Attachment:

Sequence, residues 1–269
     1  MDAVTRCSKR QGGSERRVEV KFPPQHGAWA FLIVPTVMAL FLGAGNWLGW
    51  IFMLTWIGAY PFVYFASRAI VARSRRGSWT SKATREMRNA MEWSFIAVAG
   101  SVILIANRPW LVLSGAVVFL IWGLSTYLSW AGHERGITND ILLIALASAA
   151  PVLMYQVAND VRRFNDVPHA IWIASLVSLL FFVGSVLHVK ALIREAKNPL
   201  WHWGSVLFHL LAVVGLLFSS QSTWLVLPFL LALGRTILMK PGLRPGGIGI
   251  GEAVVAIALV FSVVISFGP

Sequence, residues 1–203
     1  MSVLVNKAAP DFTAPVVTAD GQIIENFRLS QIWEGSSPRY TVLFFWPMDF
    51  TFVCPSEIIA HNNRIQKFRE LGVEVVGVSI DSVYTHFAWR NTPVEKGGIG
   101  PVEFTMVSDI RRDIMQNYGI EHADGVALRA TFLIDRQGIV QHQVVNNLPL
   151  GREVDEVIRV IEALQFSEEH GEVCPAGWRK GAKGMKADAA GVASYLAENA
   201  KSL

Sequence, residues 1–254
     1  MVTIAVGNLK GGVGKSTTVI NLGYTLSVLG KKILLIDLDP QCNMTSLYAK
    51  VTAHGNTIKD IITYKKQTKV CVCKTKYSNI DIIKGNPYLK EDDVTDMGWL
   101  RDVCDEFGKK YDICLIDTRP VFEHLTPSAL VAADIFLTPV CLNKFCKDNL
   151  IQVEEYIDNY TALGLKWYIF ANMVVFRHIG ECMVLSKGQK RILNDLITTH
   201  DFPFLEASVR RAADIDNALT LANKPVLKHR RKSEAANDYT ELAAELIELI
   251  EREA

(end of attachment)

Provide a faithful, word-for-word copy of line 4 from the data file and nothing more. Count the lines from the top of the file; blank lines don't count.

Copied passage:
   101  SVILIANRPW LVLSGAVVFL IWGLSTYLSW AGHERGITND ILLIALASAA